By Tim Redmond
SEPTEMBER 3, 2014 – A local real-estate speculator has dropped his effort to evict four Duboce Street tenants under the Ellis Act after a series of protests and direct actions brought unwanted attention to Michael Harrison and Vanguard Properties.
Harrison, operating through the company Pineapple Boy LLC, was trying to throw out Benito Santiago and three others at 149-151 Duboce. Santiago, a musician who teaches in the San Francisco Public Schools, became an outspoken foe of the Ellis Act and has helped organize demonstrations against evictions all over the city.
In the most recent action, protesters descended on Vanguard’s Mission Street Office and demanded a halt to the eviction. Harrison is a co-founder of Vanguard.
The noisy action caused some bad behavior by the realty folks and attracted a fair amount of press.
And this week, Harrison informed the tenants that he was withdrawing the Ellis Act eviction and putting the building up for sale.
Santiago’s lawyer, Matt McFarland of the Tenderloin Housing Clinic, told me that the tenant organizing was a key factor in forcing Harrison to drop the Ellis Act case. “We didn’t win this in court,” he said.
Nothing against the great work the McFarland and his colleagues do, but he agreed the protests played a big role.
“This win shows us that direct action has direct effects, and that organizing can and does actually keep people in their homes,” Erin McElroy, on organizer of the Anti-Eviction Mapping Project, said.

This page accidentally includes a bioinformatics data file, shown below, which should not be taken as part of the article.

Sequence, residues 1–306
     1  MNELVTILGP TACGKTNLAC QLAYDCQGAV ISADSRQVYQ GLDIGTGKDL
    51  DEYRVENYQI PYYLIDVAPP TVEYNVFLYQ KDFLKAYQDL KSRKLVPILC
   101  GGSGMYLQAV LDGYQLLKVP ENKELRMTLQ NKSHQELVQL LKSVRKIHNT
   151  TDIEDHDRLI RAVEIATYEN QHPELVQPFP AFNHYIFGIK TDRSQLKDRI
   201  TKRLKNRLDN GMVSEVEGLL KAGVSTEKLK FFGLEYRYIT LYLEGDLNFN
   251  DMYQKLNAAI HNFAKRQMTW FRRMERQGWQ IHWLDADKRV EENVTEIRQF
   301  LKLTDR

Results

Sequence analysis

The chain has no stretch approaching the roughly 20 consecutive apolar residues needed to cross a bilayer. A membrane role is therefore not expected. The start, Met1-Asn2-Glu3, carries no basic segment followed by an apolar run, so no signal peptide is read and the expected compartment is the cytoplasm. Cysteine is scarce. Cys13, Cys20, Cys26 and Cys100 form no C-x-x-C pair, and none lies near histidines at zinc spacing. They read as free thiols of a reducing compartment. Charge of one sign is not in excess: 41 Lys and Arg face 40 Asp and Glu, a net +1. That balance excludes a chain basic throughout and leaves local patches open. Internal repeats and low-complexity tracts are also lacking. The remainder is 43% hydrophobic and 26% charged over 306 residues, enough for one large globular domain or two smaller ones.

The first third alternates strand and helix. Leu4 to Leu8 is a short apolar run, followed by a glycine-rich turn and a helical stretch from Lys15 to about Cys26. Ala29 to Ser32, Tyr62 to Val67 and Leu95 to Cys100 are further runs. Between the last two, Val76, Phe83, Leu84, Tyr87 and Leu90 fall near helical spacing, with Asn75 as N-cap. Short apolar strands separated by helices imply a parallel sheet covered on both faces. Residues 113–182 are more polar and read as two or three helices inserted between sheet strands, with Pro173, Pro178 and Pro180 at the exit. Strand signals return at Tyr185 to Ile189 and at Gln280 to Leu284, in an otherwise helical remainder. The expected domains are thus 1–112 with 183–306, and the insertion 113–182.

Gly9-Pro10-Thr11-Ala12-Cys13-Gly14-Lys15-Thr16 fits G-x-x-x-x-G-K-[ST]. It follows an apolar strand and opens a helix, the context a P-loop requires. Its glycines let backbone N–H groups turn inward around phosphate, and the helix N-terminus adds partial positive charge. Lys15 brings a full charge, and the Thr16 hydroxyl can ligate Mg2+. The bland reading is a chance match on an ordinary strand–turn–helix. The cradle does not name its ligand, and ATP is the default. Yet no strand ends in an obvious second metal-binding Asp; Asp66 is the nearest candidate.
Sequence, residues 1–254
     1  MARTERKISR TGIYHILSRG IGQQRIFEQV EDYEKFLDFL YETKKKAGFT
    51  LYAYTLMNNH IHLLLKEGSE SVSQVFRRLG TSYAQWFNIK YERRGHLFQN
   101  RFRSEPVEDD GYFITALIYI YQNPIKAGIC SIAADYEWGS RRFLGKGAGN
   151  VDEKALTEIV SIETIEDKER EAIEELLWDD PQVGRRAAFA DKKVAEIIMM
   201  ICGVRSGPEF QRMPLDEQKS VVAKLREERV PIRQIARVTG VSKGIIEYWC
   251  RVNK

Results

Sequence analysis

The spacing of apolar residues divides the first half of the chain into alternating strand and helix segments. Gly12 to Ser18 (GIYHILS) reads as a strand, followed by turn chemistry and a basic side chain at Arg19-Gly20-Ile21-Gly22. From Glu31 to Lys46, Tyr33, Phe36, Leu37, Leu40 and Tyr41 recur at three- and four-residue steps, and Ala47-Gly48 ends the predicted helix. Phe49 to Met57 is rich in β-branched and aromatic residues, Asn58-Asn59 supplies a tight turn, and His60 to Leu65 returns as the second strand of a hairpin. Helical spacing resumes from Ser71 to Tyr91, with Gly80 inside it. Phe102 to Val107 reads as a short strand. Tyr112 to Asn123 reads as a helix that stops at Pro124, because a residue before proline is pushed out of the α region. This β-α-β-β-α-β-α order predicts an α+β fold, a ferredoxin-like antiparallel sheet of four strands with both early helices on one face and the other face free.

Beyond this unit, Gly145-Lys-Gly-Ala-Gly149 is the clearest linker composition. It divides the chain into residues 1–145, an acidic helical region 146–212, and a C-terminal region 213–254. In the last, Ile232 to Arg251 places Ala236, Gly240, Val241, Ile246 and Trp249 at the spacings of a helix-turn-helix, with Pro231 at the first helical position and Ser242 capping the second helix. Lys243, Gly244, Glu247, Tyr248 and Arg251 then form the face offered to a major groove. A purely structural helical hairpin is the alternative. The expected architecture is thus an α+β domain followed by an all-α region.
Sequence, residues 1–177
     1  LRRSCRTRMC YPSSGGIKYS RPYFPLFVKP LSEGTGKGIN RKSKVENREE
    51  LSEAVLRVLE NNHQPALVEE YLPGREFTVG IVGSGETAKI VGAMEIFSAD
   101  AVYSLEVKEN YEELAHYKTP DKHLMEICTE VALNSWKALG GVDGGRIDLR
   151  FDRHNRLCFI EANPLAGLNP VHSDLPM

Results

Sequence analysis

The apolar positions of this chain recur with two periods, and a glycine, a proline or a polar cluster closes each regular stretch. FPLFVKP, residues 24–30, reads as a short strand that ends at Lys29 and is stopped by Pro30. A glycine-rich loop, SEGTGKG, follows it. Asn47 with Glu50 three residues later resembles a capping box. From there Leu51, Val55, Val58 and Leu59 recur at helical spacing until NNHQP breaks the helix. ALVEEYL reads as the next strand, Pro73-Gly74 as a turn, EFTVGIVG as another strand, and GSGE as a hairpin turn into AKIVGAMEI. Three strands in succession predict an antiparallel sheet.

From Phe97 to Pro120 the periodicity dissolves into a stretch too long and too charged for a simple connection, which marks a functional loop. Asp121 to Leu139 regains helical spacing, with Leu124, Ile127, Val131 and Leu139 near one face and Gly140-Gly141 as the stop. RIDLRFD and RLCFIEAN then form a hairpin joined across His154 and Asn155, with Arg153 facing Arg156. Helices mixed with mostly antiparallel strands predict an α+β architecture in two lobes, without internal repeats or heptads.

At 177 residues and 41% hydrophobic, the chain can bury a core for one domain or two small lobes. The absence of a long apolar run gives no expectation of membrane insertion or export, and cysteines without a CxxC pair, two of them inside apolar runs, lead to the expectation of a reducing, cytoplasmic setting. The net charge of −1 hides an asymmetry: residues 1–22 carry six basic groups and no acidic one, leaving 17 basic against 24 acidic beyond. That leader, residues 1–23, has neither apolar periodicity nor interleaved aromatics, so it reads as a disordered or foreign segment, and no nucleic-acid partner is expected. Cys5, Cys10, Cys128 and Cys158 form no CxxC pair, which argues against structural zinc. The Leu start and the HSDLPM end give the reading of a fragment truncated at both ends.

It’s tough to fight an Ellis Eviction in court – not impossible, but difficult. The state law essentially allows a building owner to “go out of business” by clearing out all of the tenants in a rental property.
It’s used by speculators who buy buildings with tenants in them, clear out the occupants, and then resell the place at a huge markup as tenancies in common.
Harrison has done several previous Ellis Act evictions.
But the attention that organizers have brought to this case can’t have been pleasant for Vanguard, and while we’ll never know for sure (he hasn’t returned my phone calls), it’s entirely possible that Harrison just decided this particular bit of speculation wasn’t worth the hassle.
That’s an important message: The law on its face may be against tenants, but that doesn’t mean it’s hopeless. Every protest, every statement, every action that calls attention to the people who are throwing longtime San Franciscans onto the streets for quick profits, can have an impact. And if it happens enough, and the targets find that the tenants aren’t going quietly, we may see the Ellis eviction tide start to turn.
Of course, this struggle may not be over — someone else is going to buy Santiago’s building. Organizers are hoping to work with the San Francisco Land Trust to see if the place can be kept from future speculators, but at least any potential buyer will be on notice: Another Ellis Act attempt won’t be easy.